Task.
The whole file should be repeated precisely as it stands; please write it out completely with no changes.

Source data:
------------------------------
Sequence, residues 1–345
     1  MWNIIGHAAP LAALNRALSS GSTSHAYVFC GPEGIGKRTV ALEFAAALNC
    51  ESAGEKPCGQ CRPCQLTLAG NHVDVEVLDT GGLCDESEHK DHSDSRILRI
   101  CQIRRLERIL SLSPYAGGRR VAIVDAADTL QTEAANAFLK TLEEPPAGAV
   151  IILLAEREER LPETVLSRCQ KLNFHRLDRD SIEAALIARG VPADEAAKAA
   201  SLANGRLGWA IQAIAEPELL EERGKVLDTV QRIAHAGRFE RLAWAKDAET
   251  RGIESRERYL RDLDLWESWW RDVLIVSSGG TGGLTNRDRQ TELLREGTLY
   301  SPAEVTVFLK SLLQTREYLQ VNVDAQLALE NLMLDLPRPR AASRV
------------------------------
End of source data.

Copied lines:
Sequence, residues 1–345
     1  MWNIIGHAAP LAALNRALSS GSTSHAYVFC GPEGIGKRTV ALEFAAALNC
    51  ESAGEKPCGQ CRPCQLTLAG NHVDVEVLDT GGLCDESEHK DHSDSRILRI
   101  CQIRRLERIL SLSPYAGGRR VAIVDAADTL QTEAANAFLK TLEEPPAGAV
   151  IILLAEREER LPETVLSRCQ KLNFHRLDRD SIEAALIARG VPADEAAKAA
   201  SLANGRLGWA IQAIAEPELL EERGKVLDTV QRIAHAGRFE RLAWAKDAET
   251  RGIESRERYL RDLDLWESWW RDVLIVSSGG TGGLTNRDRQ TELLREGTLY
   301  SPAEVTVFLK SLLQTREYLQ VNVDAQLALE NLMLDLPRPR AASRV